Within minutes of riding on the first trains in Japan, I notice a significant change in advertising, from train to television. The trend? No more printed URL's. The replacement?
Search boxes! With recommended search terms!
It makes sense, right? All the good domain names are gone. Getting people to a specific page in a big site is difficult (who's going to write down anything after the first slash?). And, most tellingly, I see increasingly more users already inadvertently put complete domain names like "gmail" and "netflix" into the Search box of their browsers out of habit — and it doesn't even register that Google pops up and they have to click to get to their destination.
This is actually a brilliant marketing strategy. If you're doing your stuff right, and you can actually get people to an exact page with a few select keywords. If you're taking people to your site, rather than a specific page, and expecting them to wander around using navigation you're mostly wasting your time.
I get asked on a far-too-frequent basis about "adjusting" URLs so they are easier for people to remember and type-in. Of course, people aren't doing this much anymore. Take a look at any Web site's analytics, and the number of directs, and you'll see what I'm talking about. Nuff said. Yet is amazing to see the amount of time, energy, and money that people spend trying to serve this increasingly shrinking type of visitor-- the browser.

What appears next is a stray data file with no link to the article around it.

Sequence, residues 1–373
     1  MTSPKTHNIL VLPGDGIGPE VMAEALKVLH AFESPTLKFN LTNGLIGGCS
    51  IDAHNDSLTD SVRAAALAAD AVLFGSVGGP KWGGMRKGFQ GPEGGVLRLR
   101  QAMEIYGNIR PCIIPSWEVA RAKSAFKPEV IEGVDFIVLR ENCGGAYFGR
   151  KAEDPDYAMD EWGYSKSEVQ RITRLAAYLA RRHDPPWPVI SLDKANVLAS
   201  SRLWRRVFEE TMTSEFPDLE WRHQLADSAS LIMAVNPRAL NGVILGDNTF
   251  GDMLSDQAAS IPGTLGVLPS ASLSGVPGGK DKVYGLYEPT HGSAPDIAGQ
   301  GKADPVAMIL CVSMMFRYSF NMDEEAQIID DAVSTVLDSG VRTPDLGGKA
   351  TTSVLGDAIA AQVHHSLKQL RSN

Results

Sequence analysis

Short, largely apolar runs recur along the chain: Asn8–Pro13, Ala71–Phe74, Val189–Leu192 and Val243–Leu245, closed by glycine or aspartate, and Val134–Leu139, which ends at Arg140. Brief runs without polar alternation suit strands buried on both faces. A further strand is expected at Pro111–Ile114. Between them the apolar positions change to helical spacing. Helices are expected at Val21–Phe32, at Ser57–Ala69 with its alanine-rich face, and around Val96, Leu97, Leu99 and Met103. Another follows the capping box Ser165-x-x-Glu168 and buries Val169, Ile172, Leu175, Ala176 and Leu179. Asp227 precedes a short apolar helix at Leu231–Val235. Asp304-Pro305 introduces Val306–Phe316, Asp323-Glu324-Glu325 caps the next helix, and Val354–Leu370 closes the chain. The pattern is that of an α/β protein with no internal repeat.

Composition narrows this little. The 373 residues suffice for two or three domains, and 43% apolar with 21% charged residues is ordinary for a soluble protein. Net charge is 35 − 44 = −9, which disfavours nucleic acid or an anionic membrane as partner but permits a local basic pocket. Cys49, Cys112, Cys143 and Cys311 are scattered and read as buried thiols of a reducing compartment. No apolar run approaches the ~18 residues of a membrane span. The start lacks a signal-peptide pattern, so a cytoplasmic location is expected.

I find it quite interesting to see the number of people (my father included) who don't even have their navigation box viewable in their toolbar anymore. They're doing everything through search. So the URL basically has reached a point where it doesn't much matter from a user behavior perspective.
I suspect that the Japanese are on to something, and that it won't be long before we see this trend to spread beyond Japan. I'm going to be looking for it.
NOTE: I blogged about this topic last year: The end of URLs?